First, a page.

Pleasure + Wound vs Pleasure + Love
I’m in a relationship with a long-term partner who wants a threesome — he says it would just be fun and wouldn’t mean anything. I laughed it off and said I wasn’t into it because I’m a monogamous person.
But we went camping and all I heard about were the hot bodies around us — and joking about getting into someone else’s pants while I’m at work, just to see if fantasy lives up to reality.
I don’t know what to do. Honestly, I’ve never found anyone else attractive. Plus, the true love bit [insert violin music here].
I’m getting worried that he doesn’t love me anymore and wants something better. This worries me because although I may not be the one for him he is definitely the one for me… Its like my soul loves him as much as my heart does.
I don’t know what to do.
People occasionally write to me for help on some relationship issue that creates pain. Like this (edited) comment from “Drew.”
I don’t really know these people or their partners, but Bell Hooks wrote something called, “Romance: Sweet Love,” that might help.
She asks a number of questions, like these:
1) Can you choose love? Or must love control you?
2) Think about the difference between relationships marked by:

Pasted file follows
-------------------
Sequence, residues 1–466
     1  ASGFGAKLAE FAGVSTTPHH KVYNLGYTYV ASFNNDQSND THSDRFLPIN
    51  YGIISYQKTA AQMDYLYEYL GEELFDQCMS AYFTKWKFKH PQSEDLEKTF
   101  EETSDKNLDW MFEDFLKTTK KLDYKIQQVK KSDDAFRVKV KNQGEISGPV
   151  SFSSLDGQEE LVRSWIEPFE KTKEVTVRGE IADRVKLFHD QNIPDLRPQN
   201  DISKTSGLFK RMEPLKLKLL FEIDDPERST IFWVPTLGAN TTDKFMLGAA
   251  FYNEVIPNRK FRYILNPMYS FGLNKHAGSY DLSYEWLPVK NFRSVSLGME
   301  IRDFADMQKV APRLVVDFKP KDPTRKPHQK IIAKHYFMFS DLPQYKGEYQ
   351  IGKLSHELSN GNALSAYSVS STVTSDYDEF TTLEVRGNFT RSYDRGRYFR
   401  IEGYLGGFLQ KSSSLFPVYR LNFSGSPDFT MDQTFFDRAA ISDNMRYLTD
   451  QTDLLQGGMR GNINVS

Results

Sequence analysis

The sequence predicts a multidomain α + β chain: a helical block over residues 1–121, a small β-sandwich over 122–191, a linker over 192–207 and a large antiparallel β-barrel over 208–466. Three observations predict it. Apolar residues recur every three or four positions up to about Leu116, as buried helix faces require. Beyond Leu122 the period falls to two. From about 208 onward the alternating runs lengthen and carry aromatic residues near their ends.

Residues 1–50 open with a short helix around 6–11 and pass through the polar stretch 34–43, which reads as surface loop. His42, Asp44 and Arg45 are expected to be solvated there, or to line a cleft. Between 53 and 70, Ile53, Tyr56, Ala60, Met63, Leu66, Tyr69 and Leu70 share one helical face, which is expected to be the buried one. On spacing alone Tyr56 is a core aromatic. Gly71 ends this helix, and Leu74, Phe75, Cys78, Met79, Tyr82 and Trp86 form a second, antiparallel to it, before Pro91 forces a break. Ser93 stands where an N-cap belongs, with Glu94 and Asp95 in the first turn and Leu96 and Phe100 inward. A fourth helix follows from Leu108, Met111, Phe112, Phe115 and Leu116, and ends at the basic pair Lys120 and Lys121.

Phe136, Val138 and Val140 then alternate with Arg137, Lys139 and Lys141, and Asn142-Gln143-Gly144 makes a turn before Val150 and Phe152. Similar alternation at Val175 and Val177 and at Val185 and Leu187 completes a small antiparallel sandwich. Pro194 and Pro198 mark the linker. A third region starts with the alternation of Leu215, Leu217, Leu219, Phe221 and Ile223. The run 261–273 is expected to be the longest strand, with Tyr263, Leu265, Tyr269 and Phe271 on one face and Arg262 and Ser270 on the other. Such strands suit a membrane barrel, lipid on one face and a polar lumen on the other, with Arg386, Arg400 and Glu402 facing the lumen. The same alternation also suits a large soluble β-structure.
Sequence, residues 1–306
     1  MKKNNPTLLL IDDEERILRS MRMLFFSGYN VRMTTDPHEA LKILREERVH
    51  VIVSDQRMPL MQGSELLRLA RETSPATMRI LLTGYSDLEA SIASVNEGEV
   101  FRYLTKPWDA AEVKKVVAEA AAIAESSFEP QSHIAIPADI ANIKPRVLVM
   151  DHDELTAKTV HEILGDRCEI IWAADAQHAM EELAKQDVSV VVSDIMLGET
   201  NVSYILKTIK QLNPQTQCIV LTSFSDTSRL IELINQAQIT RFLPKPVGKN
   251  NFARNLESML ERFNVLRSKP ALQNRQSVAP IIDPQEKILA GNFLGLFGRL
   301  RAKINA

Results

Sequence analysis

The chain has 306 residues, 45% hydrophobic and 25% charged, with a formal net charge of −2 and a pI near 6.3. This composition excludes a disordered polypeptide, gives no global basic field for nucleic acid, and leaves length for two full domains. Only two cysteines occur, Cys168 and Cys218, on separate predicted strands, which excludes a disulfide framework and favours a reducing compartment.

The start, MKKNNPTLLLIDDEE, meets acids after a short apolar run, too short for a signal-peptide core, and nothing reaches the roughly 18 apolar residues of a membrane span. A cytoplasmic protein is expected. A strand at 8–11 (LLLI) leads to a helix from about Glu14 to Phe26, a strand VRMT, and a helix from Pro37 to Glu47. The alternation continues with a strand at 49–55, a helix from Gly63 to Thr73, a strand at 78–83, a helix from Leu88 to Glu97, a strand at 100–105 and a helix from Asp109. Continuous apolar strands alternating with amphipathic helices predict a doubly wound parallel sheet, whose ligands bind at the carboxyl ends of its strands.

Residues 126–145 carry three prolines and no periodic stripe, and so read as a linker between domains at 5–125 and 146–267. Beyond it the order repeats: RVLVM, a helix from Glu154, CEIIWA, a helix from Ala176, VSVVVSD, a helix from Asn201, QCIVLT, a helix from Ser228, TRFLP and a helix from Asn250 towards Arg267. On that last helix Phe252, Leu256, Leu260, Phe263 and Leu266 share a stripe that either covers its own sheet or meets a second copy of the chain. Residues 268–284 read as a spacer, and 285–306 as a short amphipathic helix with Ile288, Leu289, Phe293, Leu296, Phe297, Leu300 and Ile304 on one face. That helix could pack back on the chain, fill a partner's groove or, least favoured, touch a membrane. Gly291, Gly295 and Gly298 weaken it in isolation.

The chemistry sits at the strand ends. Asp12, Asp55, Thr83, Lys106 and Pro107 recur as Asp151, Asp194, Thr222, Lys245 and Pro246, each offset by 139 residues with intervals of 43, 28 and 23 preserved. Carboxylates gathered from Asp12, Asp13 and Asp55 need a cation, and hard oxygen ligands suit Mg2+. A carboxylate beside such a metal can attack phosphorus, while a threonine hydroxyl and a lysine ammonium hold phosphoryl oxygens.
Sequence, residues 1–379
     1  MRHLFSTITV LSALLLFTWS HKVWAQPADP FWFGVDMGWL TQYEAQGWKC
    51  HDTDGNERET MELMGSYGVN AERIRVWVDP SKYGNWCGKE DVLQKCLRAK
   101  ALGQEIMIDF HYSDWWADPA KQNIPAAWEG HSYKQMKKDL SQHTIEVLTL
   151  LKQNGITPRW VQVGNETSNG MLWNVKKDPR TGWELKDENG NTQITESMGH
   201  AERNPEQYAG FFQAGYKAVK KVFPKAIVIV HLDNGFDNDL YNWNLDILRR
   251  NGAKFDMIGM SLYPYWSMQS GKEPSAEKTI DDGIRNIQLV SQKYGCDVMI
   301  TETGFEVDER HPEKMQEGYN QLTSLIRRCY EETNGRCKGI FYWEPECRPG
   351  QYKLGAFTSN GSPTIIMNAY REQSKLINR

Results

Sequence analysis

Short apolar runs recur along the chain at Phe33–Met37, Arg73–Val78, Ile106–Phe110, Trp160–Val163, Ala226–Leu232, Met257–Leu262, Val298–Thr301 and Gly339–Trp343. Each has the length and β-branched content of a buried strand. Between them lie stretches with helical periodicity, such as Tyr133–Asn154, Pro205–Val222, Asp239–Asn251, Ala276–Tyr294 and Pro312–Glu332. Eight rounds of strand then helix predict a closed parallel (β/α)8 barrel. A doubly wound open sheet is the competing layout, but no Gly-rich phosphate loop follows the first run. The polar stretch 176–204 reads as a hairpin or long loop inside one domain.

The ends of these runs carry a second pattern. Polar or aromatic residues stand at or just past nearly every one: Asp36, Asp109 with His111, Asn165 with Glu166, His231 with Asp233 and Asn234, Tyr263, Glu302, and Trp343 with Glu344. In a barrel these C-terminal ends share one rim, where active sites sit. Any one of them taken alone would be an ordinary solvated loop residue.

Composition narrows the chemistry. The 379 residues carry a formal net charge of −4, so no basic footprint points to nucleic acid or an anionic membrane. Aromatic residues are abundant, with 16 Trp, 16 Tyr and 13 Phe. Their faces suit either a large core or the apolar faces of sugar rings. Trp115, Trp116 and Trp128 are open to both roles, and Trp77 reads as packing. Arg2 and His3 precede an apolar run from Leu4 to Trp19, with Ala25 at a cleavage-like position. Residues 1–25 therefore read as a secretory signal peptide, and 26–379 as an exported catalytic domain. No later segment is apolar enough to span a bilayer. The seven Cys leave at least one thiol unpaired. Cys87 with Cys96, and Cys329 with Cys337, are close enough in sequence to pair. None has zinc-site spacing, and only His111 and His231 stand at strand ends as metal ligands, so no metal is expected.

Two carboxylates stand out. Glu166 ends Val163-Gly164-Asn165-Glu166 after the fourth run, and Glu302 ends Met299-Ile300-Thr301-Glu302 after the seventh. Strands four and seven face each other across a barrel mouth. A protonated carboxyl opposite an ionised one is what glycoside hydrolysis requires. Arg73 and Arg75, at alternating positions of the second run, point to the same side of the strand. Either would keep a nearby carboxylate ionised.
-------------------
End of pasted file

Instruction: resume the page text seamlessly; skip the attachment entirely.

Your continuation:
- Pleasure + Wound
- Pleasure + Love
When we fall in love it can feel like we have no choice. We’ve fallen. We can’t help that.
But really, we do have choices.
We needn’t stay stuck in relationships that wound us. We needn’t stay inside of mis-matched matches.
And ask yourself these questions:
Does your lover cause you pain? Hold you to a double standard? Love you?
These may be difficult questions to answer.
If your partner doesn’t love you, don’t take it personally. Some people simply aren’t in a place where they are capable of love.
And pain — whether physical or emotional — is trying to tell you that something is wrong, that something needs to change.
Maybe you haven’t met someone who is a good match and healthy for you yet, and maybe it’s hard to imagine that happening. But if you are with someone who is causing you pain, it makes a lot of sense to see what else is out there, meet other people, and explore.
While you’re out exploring, it helps to love yourself. And that might take inner work.
But remember, it is possible to find eroticism plus love, and minus the wound.
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Posted on April 13, 2015, in psychology, relationships, sex and sexuality and tagged bell hooks, painful relationships, psychology, relationships, Romance: Sweet Love, sex, sexuality. Bookmark the permalink. 49 Comments.